Feb 01

It’s Truck Day

The equipment truck left for Port St. Lucie this afternoon with the bats and balls, and of course, the hopes of Mets’ fans everywhere. Spring training is the best time of year because it is when dreams are born.

GM Sandy Alderson was there to say goodbye and address the smattering of fans, many of them who consider the truck a seasonal rite of passage.

“It’s been a slow offseason,’’ Alderson told the small group of fans. “But I want to put that in context because that has been true across all of baseball. In fact, the Mets have really been as active as anybody.’’

Jay Bruce and Jose Reyes are returning to a team that finished 22 games below .500, and along with them Anthony Swarzak and an over-the-hill Adrian Gonzalez.

Unless the Mets’ young and battered pitching staff return healthy and live up to expectations, it’s hard to fathom those four additions lifting Mickey Callaway’s team to contending status. That likely won’t happen even if they add Todd Frazier or Eduardo Nunez or even a reunion with Neil Walker.

The Mets’ payroll is currently $137 million with little wiggle room.

Even if the Mets were to sign Mike Moustakas – which Alderson dismissed – that’s not nearly enough to put them over the top.

A big-ticket free-agent would cost the Mets draft-choice compensation and the loss of international pool money, something Alderson said is essential in “improving what is now a less-than-robust farm system.’’

Building from within is the most reliable and cost-effective way of building a team. The Mets tried that with their young pitching but have been derailed because of injuries.

The other ways of building are through trades and free-agency and Alderson has already said the latter is out. Quite frankly, the Mets have very few tradable assets other than their young – and most injured – pitching.

Are they willing to go there?

Jan 29

Mets Need To Find Out About Smith And Not Gonzalez

Do you remember last season when the talk surrounding the Mets was why weren’t they bringing up Dominic Smith?

SMITH: Give him a real chance. (AP)

SMITH: Give him a real chance. (AP)

They didn’t because the Mets already had a first baseman; because they still thought they had a chance to compete; and, most importantly, they didn’t think he was ready for prime time.

Well, they traded Lucas Duda; the injuries mounted and their season spun out of control; they finally brought up Smith and GM Sandy Alderson was correct – or partially so.

Smith, supposedly a defensive wizard, was erratic in the field. He hit with more power than expected, but his average and on-base percentage were worse than expected, and his attitude and conditioning weren’t what the Mets hoped.

Based on Smith’s limited window the Mets don’t believe he’s ready. Hopefully, Smith learned from last summer and rededicated himself and this might be the year he finds his game.

But, barring a dramatic turn, it won’t be in Flushing as the Mets for the start of this season at least are committed to Adrian Gonzalez. I would have preferred the Mets opened the season with Smith and given him a shot to live up to the expectations. With the Mets not anticipated to contend this year, this would be the perfect opportunity to see what the Mets have in the prospect.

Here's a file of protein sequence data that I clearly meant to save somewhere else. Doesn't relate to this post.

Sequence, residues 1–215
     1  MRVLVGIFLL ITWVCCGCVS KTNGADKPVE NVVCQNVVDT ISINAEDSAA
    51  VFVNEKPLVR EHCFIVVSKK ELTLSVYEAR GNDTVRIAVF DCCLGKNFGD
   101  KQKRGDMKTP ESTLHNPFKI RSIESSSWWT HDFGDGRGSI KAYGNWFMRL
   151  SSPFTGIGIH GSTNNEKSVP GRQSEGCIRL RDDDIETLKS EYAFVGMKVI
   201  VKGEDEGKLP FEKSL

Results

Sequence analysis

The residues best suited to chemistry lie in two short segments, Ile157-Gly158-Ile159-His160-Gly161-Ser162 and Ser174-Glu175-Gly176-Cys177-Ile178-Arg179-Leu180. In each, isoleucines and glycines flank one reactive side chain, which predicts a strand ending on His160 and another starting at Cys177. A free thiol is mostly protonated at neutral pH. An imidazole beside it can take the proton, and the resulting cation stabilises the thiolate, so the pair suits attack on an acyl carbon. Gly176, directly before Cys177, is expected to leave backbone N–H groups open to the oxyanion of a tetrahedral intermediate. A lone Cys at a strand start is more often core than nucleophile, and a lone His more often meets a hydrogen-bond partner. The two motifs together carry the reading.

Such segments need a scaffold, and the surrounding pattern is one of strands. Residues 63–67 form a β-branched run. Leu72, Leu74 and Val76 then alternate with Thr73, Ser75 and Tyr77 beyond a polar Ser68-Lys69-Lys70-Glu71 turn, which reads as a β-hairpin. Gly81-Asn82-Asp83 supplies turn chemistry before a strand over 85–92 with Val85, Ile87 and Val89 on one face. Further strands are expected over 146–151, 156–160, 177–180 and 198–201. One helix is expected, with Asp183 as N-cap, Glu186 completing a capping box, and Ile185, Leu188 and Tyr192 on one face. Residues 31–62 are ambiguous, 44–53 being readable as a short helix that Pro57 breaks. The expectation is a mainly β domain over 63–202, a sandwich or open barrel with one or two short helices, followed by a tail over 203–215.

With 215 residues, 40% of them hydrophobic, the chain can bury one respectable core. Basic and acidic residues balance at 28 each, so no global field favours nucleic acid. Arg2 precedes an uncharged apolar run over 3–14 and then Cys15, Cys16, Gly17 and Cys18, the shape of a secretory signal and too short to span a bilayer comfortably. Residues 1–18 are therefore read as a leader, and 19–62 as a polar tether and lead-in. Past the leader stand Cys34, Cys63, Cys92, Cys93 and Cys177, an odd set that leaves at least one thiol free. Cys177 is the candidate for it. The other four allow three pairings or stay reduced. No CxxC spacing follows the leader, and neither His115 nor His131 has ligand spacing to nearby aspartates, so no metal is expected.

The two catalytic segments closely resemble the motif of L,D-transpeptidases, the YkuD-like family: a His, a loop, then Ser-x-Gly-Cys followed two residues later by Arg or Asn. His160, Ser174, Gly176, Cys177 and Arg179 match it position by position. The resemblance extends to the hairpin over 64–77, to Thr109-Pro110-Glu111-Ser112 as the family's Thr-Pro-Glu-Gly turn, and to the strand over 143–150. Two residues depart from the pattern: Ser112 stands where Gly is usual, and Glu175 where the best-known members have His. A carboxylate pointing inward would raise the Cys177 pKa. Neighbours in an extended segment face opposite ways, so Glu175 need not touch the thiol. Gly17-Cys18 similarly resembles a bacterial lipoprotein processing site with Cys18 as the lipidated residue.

Seriously, would Gonzalez put the Mets over the top? Of course not, and neither would Smith regardless of how well he plays this year.

But, the most important thing regarding Smith is to get an idea of what the Mets have in him. And, playing Gonzalez would only set the Mets back at least a year.

Just a ridiculous decision by Alderson.

Jan 26

Small-Market Brewers Shame Mets

The Milwaukee Brewers have long been regarded as a small-market franchise while the Mets play in the country’s largest market. Yet, events over the past 24 hours paint the two franchises with different brushes: The Brewers as a team that wants to win while the Mets continue to take the cheap way out and give their fans no reason to come out this summer.

In a span of less than two hours last night the Brewers engineered a trade for outfielder Christian Yelich, a budding superstar, and then signed outfielder Lorenzo Cain to the largest free-agent contract of the winter.

Either of those moves separately would have improved the Mets, who yesterday signed Jose Reyes for $2 million to play a utility infield role if they sign either Todd Frazier or Neil Walker or Eduardo Nunez.  Any of those three combined with Reyes won’t substantially elevate the Mets to contending status.

As of now, the Mets can only be projected to finish ahead of Derek Jeter’s dumpster fire in Miami, who had scuttled their team to save money. In addition to the revenue the Marlins will make from the television networks, they will get another $50 million from the sale of MLB Advanced Media.

So, what Jeter is doing is what George Steinbrenner always hated – and something he always accused the Mets of doing – which is pocket the money derived from the networks and revenue sharing and not put it back into improving the team.

The Brewers ponied up four prospects for Yelich and $80 million over five years for Cain, prices that would force GM Sandy Alderson hang up the phone.



Jan 25

Have Mets Really Changed Their Medical Philosophy?

It was interesting to hear how GM Sandy Alderson overhauled the Mets’ medical staff, but then I remembered that was something both he and COO Jeff Wilpon vowed they would do when Alderson was hired in October of 2010.

However, that, like several other Mets’ promises when unfulfilled.

HARVEY: Personifies Mets' handling of injuries.(AP)